Arabica coffee beans ‘not be what they seem’, scientists warn

Is she really drining a coffee made from Arabica beans?
Is she really drining a coffee made from Arabica beans?
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Coffee lovers are being conned by suppliers fraudulently mixing inferior beans into products labelled 100 per cent Arabica, scientists have learned.

The discovery came to light as a result of British researchers trying out a new and more accurate method of testing coffee quality.

Members of the team and collaborators around the world bought samples of coffee at shops and supermarkets. They found that a tenth of high-quality products labelled “100 per cent Arabica” contained significant levels of inferior and cheaper “Robusta” beans.

Arabica coffee trades at twice the price of Robusta because of its superior taste.

Adulteration with Robusta coffee, which is higher yielding and easier to grow, has always been a potential problem. But finding rogue Robusta in a sample labelled Arabica is not easy, especially after grinding and roasting.

The standard technique detects the fingerprint chemical 16-OMC, which is only found in Robusta coffee, but is costly and takes three days. This makes large scale surveillance impractical.

The new method takes only 30 minutes and is sensitive enough to detect just 1 per cent Robusta in a blended coffee.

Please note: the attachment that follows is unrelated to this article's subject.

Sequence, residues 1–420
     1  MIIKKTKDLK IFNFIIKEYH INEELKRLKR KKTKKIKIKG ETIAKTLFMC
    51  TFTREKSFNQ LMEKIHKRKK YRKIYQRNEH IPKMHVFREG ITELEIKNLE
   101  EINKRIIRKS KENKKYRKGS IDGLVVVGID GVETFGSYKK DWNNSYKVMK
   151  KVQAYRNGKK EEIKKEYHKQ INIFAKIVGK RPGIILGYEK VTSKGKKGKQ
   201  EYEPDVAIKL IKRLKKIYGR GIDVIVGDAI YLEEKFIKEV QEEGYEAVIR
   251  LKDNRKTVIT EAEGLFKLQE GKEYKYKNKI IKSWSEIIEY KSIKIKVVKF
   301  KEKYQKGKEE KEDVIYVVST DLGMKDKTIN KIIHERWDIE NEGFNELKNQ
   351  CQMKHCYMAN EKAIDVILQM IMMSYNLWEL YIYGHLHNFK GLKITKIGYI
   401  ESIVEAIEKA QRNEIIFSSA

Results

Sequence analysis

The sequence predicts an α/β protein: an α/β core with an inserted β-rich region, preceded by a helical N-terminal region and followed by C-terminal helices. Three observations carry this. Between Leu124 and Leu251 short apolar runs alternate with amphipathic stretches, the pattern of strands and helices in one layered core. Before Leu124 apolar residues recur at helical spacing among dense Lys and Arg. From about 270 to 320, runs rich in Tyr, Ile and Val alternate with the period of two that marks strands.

Lead scientist Dr Kate Kemsley, from the Quadram Institute, formerly known as the Institute of Food Research, said: “This is an important milestone for detecting fraud in coffee, as 1 per cent is the generally accepted cut-off between trace contamination, which might be accidental, and more deliberate adulteration for economic gain.”

For the study a total of 60 different coffee samples were purchased in consumer countries around the world, including 22 from the UK.

All were tested for 16-OMC using the new nuclear magnetic resonance (NMR) technique, which employs radio waves and strong magnetic fields to obtain detailed information about a substance’s molecular composition.

“It was immediately obvious using our test that there were several suspicious samples, producing results that were consistent with the presence of substantial amounts of Robusta – far more than would be expected through unavoidable contamination,” said Dr Kemsley.

Two of the samples flagged as “suspicious” were bought in the UK. One contained 1.6 per cent Robusta and the other 21.7 per cent. Other UK samples had notable levels of 16-OMC but fell below the “suspicious” threshold.

Suspicious samples were also obtained from the US, Italy, France and Estonia. One US sample was a third Robusta, despite being labelled 100 per cent Arabica.